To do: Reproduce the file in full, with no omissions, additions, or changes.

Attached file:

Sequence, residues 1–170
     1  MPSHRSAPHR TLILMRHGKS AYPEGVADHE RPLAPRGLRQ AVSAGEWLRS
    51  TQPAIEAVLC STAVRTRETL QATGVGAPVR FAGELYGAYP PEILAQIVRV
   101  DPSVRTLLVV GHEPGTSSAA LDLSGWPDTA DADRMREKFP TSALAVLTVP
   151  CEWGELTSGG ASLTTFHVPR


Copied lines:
Sequence, residues 1–170
     1  MPSHRSAPHR TLILMRHGKS AYPEGVADHE RPLAPRGLRQ AVSAGEWLRS
    51  TQPAIEAVLC STAVRTRETL QATGVGAPVR FAGELYGAYP PEILAQIVRV
   101  DPSVRTLLVV GHEPGTSSAA LDLSGWPDTA DADRMREKFP TSALAVLTVP
   151  CEWGELTSGG ASLTTFHVPR